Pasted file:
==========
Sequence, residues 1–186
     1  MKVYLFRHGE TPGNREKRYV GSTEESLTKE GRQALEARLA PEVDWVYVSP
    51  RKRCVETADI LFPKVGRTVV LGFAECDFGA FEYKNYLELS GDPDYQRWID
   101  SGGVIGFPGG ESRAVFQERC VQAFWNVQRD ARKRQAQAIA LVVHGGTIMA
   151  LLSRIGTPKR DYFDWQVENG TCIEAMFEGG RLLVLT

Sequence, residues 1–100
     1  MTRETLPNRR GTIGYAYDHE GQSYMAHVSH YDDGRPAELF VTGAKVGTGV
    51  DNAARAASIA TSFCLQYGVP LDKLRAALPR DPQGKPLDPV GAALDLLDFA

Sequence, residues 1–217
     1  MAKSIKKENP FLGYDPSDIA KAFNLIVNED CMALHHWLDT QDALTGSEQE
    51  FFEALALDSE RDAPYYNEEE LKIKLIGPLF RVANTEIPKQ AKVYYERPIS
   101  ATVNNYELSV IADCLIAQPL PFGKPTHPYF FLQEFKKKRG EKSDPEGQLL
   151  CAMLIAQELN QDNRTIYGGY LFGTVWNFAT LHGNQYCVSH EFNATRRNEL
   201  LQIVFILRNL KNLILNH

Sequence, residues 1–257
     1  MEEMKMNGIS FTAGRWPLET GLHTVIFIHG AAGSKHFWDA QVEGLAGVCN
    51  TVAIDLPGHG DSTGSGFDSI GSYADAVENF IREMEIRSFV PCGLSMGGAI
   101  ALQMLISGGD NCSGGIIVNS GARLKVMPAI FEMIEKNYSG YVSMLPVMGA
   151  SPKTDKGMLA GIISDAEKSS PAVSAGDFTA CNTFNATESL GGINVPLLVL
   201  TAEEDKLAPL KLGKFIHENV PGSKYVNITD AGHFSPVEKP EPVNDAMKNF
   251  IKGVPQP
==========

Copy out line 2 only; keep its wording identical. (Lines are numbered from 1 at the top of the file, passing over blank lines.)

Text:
     1  MKVYLFRHGE TPGNREKRYV GSTEESLTKE GRQALEARLA PEVDWVYVSP